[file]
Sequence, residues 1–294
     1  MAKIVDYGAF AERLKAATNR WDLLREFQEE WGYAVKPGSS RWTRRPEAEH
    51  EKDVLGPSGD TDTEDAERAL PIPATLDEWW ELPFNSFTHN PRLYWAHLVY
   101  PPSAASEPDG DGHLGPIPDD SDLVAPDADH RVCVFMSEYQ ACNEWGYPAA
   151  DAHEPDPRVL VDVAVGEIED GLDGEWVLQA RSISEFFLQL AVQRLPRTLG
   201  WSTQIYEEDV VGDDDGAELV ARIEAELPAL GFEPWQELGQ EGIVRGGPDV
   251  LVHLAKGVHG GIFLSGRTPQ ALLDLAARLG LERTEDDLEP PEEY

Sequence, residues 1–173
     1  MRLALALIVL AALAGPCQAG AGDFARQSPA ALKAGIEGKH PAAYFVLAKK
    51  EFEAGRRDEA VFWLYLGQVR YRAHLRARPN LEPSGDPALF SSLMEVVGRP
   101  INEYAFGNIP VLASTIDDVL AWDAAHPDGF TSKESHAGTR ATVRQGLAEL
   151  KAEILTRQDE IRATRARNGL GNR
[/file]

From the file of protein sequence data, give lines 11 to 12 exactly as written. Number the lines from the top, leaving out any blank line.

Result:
   101  INEYAFGNIP VLASTIDDVL AWDAAHPDGF TSKESHAGTR ATVRQGLAEL
   151  KAEILTRQDE IRATRARNGL GNR